Download African American Women's Rhetoric: The Search for Dignity, by Deborah F. Atwater PDF

By Deborah F. Atwater

African American Women's Rhetoric is a entire examine of the ways that African American ladies in politics, schooling, enterprise, and different social contexts have attempted to cajole their audiences to worth what they are saying and who they're. via particular examinations of the rhetoric of a number of girls in very important classes in American background, Deborah Atwater finds that African American girls this day who interact in speech within the public sphere (such as Condoleezza Rice, Barbara Jordan, and others) stem from an enormous lineage of energetic, outspoken girls.

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Extra resources for African American Women's Rhetoric: The Search for Dignity, Personhood, and Honor (Race, Rites, and Rhetoric: Colors, Cultures, and Communication)

Example text

When Mrs. Lincoln left the White House on her way to Chicago, she owed store bills amounting to $70,000. President Lincoln was not aware of this debt. The rest of Mrs. Keckley’s book and story deals with her interactions with Mrs. Lincoln in an attempt to help Mrs. Lincoln sell her possessions to obtain money. The only negative sentiment expressed by Mrs. ”31 Mrs. Keckley was in some financial difficulty, and Miss Mary Welsh of St. Louis, one of her St. Louis patrons, persuaded her to apply for a pension from Congress regarding the loss of her son in the war.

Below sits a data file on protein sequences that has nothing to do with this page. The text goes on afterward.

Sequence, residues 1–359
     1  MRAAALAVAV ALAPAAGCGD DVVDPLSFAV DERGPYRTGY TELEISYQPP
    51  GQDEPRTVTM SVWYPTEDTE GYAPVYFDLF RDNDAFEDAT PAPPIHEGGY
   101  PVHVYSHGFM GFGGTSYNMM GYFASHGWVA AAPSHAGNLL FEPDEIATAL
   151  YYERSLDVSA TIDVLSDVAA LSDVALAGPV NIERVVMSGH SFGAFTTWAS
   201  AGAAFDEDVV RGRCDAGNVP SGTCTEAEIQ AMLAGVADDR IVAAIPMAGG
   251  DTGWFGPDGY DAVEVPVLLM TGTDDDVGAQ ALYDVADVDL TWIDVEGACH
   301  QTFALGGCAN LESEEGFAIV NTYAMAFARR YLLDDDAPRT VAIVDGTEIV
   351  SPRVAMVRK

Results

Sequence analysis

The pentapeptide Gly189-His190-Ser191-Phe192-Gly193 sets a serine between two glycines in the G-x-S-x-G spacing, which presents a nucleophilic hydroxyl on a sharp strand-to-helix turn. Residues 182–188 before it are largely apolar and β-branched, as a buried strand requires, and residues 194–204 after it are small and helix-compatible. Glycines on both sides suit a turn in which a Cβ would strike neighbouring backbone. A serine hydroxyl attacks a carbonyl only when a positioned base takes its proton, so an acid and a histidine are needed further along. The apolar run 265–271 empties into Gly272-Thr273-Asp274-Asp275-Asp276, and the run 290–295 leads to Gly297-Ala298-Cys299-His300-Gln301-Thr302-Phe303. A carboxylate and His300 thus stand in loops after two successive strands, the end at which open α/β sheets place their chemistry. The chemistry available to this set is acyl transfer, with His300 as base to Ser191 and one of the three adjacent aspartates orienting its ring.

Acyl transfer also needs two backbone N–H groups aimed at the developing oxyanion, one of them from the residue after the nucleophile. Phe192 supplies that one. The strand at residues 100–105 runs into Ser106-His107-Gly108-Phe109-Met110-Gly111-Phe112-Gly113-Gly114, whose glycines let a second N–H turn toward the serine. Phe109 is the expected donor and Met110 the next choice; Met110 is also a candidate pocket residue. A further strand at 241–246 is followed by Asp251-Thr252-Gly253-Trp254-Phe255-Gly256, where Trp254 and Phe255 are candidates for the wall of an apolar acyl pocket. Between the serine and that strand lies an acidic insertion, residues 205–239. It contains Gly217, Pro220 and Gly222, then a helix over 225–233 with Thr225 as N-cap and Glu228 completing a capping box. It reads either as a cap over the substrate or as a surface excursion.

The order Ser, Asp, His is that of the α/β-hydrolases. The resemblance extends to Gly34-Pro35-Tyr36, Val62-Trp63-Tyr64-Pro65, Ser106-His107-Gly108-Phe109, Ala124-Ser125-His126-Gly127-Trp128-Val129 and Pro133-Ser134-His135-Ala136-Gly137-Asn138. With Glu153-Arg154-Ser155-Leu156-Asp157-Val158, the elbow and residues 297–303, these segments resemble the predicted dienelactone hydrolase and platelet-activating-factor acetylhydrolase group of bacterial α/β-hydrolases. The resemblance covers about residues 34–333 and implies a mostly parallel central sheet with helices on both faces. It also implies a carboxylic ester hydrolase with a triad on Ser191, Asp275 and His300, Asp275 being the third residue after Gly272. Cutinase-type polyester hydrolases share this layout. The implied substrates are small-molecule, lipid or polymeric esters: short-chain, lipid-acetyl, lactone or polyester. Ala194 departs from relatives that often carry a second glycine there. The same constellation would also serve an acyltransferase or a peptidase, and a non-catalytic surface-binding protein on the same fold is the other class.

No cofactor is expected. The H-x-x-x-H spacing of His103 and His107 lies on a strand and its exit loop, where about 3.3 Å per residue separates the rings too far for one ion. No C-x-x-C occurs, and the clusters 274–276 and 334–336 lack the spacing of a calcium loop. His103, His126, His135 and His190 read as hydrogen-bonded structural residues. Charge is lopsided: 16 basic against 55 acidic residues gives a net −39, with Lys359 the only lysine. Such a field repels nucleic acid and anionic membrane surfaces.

Brady and Company and Mr. Keyes to handle the sale of her items. While in New York, Mrs. Keckley asked Frederick Douglass for help raising money for Mrs. Lincoln, but Mrs. Lincoln refused his help. Mrs. Keckley stayed about two months in New York, but the sale was futile, and the firm of Brady and Keyes dissolved. On March 4, 1868, Mrs. Keckley received the rest of the items from the firm and was charged $800 for their services. The items were sent back to Mrs. Lincoln with a note that all charges for services had been paid in full.

What is also unusual about her writing is that she casually refers to violent acts of war in a matter-of-fact tone, as this passage indicates. “The regiment remained in Augusta for thirty days when it was ordered to Hamburg, South Carolina, and on to Charleston. The bushwackers (what Confederate rebels were called) would conceal themselves in the cars used to transfer our soldiers and when the boys, worn out and tired, would fall asleep, these men would come out from their hiding places and cut their throats.

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